Urgently required: a White Paper to carry out the Browne vision

We must move beyond partisanship and seize the chance to make our higher education system truly sustainable, David Eastwood contends

February 24, 2011



Credit: Paul Bateman


The outcome of the general election and the advent of the coalition moved the politics of higher education to centre stage. The consequences have been profound. In recognising the need for radical change, the government has been courageous. In committing to a higher education White Paper, it has recognised that there is much that remains to be done.

The Browne Review set out a coherent vision and creative proposals. It offered more generous support for the least well off, a much more efficient and less leaky system of student support, a real market that would empower students, a radically better deal for part-time learners, and a high-quality system that could expand further on a sustainable basis.

Faced with hard political choices, the government modified the Browne recommendations by offering targeted concessions to maximise political support and to defuse opposition. There was a parallel process, especially when protesters took to the streets, where many who had pressed for major policy changes before Browne was commissioned conveniently forgot what they had previously insisted were axiomatic.

Thus Browne got little credit for offering a new deal to part-time learners. Similarly, those who had campaigned for an expansion of the system were silent on Browne's vision for an expanded system, and deplored its embracing the only funding method likely to achieve that.

The coalition, faced with a cruel internal political dilemma and a higher education sector that thought it could cherry-pick without doing real violence to the proposals, ensured that what went through - politically brave though it was - left a series of urgent and unanswered questions.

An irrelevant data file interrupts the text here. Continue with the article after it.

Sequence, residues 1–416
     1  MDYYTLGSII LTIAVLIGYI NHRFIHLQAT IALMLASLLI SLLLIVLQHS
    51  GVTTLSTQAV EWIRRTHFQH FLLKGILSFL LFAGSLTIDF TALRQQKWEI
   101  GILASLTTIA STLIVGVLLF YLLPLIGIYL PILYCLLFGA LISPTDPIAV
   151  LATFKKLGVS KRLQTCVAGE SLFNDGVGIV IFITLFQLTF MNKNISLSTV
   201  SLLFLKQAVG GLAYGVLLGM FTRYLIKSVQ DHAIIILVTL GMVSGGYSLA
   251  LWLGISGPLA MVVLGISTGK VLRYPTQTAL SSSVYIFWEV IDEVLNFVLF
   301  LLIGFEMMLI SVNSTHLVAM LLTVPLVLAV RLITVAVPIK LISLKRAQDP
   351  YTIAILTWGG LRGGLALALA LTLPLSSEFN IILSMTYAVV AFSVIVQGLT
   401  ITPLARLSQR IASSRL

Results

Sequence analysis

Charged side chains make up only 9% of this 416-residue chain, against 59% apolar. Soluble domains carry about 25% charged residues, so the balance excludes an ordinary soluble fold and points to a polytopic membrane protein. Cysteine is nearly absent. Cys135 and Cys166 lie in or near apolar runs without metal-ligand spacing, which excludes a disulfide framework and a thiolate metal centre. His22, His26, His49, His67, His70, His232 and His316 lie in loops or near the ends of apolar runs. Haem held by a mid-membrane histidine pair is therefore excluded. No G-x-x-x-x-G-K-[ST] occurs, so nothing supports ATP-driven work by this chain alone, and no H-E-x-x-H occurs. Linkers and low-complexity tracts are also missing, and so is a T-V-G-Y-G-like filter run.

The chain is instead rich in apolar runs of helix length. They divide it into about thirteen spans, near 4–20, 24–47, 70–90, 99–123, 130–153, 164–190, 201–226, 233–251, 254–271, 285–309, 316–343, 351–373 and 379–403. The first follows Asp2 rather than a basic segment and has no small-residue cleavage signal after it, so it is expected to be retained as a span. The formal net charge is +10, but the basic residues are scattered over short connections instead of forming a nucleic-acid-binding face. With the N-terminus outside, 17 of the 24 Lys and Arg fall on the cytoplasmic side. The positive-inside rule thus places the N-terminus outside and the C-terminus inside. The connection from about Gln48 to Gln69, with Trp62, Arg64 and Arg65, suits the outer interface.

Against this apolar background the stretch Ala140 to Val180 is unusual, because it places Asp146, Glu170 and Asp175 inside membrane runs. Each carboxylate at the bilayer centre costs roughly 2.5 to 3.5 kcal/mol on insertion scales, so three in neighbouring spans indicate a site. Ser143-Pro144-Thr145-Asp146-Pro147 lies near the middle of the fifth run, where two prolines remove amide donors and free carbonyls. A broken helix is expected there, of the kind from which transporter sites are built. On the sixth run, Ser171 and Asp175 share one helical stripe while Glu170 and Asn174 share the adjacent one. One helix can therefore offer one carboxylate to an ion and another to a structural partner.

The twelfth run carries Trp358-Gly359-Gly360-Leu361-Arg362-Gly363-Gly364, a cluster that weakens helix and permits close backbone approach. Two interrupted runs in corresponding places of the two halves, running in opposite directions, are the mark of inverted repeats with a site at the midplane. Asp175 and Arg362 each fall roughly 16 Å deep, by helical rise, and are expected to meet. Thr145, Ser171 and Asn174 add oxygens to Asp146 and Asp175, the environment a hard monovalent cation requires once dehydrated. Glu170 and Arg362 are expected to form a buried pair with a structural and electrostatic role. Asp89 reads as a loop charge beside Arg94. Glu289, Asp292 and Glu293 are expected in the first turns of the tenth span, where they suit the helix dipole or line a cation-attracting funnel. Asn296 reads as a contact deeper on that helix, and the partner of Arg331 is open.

The most profound revisions to Browne were the imposition of caps and the failure to deregulate numbers. The result is a tendency to gravitate towards the cap, the abandonment of the principle of risk-sharing, and institutions being able to set prices with the confidence that numbers control will ensure demand remains. It is pricing without much moral hazard.

Moreover, Browne's insistence that student choice be made real, and that it could drive quality, was premised on institutional controls on numbers being freed up. If the White Paper fails to commit to this, the danger is that students will pay while the system chooses. Market disciplines and student choice will have to be made real.

Structural realignment remains a priority, and the White Paper should foreshadow the radical evolution of the Higher Education Funding Council for England rather than the creation of a new body or bodies.

We still need a new approach to widening participation and access, which recognises that the real systemic failing is at 16 - or even before - and shifts the political debate away from pillorying higher education and towards making progression into higher education a priority for all schools.

Above all, I hope we can return to the clarity of the Browne funding decision. The system should be clear. Students pay nothing for tuition, and there is a progressive and affordable system of graduate contributions. Graduates who benefit from their higher education and can afford to contribute do so; those who are not in a position to contribute, for whatever reason, do not.

Maintenance is a separate issue, and students from disadvantaged backgrounds should be and will be generously supported, as Browne envisaged. But what they need is maintenance support, not fee waivers or fee bursaries. For as long as maintenance support and deferred tuition costs are elided, the system will be misunderstood and an avoidable disincentive to participation will persist.

There is much that a White Paper must urgently address. Browne offered an integrated vision for higher education funding, the shape of the system, and patterns of participation. From these genuinely innovative approaches to quality and regulation a more truly diverse system might have emerged, in which student choice was real rather than rhetorical. The political compromises have taken us some distance from that vision. Some, I appreciate, welcome this, but neither what we have, nor their underdeveloped alternatives, represent a coherent vision, still less a workable system.

The political space in which the White Paper is being developed is still sadly constrained by the bruising aftermath of the fees debate. We have been left with a polarised, partisan political framework in which to debate this most important of issues. We now need to move beyond this, because at stake is the future of our students and the sustainability of a high-quality higher education system. If we do not, I fear that too much will be a matter of what we can get through, and too little what we ought to do.

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